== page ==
If you’re a leftie, you’d want to be a serious bigot not to have huge respect for Fianna Fáil’s legacy and a leaning towards government with them, as opposed to sharing it with Fine Gael. But it jumped out at me, from Whelan’s book, that though there had been collaboration between Labour and Fianna Fáil in the early years of the State, this ceased when, in 1970, then-minister Charles Haughey and Neil Blaney came under suspicion for facilitating a shipment of arms to the North.
Haughey later became taoiseach and he had strengths. But, for me, the great taoiseach was Jack Lynch, because he was not a fundamentalist, but had the bravery to compromise. He asserted that his policy was to “seek unity through agreement in Ireland, between Irishmen”, “a long-term one” that required “goodwill, patience, understanding and, at times, forbearance”. He held that line carefully in an explosive situation in the late 1960s.
Bertie continued that tradition within Fianna Fáil and brought the Good Friday Agreement over the line. I remember the humanity of his comment, on the radio, at the time, that “some people might want the killing to go on, but I don’t”. This position was not always an easy one for him to adopt within his own party, and it was still less so for Lynch.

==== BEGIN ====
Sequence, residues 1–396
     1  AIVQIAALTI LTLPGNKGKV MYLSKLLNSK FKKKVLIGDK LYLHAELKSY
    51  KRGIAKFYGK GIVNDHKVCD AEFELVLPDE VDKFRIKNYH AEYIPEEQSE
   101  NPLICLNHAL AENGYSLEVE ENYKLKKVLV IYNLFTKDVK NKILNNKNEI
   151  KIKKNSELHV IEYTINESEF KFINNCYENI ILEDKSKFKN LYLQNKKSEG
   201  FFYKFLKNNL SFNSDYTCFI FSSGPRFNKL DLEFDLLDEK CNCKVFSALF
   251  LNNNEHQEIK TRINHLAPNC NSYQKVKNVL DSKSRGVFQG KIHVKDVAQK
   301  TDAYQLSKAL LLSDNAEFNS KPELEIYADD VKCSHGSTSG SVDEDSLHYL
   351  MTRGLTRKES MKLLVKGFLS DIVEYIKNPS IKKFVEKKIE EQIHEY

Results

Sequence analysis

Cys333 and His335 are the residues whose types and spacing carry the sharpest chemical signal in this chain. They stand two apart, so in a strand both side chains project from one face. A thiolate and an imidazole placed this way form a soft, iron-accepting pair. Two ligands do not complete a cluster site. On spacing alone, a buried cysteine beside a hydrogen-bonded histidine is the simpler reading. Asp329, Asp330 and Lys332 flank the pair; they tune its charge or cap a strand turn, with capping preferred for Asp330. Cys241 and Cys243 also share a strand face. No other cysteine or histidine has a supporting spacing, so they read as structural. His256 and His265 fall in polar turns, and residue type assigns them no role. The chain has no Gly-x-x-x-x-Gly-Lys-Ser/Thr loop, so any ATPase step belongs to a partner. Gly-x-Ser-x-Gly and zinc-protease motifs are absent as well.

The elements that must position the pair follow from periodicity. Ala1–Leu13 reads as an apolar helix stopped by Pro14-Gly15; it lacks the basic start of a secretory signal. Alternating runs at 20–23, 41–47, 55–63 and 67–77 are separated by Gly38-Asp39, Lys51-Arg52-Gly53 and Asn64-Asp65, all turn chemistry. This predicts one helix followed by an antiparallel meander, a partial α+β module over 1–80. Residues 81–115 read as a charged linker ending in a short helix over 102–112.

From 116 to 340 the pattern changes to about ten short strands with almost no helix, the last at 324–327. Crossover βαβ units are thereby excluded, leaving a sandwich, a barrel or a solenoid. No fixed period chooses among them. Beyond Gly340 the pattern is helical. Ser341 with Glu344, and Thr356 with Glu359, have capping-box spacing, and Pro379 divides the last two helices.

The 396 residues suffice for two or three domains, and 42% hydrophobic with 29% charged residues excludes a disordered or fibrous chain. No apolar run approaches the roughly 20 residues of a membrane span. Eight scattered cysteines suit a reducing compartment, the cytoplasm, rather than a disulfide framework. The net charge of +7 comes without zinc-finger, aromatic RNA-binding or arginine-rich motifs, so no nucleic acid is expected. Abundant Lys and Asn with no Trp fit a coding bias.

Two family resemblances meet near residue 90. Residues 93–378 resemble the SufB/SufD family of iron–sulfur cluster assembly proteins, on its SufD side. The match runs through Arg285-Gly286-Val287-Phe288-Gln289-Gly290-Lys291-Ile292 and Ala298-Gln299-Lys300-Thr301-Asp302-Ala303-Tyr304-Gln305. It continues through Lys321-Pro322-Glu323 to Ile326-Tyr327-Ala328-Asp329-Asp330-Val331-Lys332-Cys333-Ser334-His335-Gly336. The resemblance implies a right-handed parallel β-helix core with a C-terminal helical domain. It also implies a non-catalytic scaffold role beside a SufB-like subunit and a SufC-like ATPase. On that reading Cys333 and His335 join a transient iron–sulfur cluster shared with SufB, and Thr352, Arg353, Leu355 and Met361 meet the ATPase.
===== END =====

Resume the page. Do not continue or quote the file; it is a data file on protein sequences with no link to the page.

But just think how far Lemass travelled — he was on the roof of the GPO in 1916 and his brother was murdered, probably by men connected to the Free State Special Branch, yet he said “the old antagonisms have no place in the Ireland of the future”. The compromisers — de Valera, Lynch, Lemass — are Fianna Fáil’s great statesmen. The fundamentalists, who refuse to go back on their word, are not. With his refusal to go into government with Fine Gael, because he has given his word, I fear Micheál Martin might have put himself forever among the lesser Fianna Fáil leaders. He may be building the party back up again, but that is not what his job is meant to be. His job is meant to be building the country up again.
Agreeing to sit on your hands and allow Fine Gael to rule, but refusing to help in any practical way until you’ve saved up to spring an election, might seem like a very clever ploy to the Fianna Fáil faithful.
Me? I think it stinks.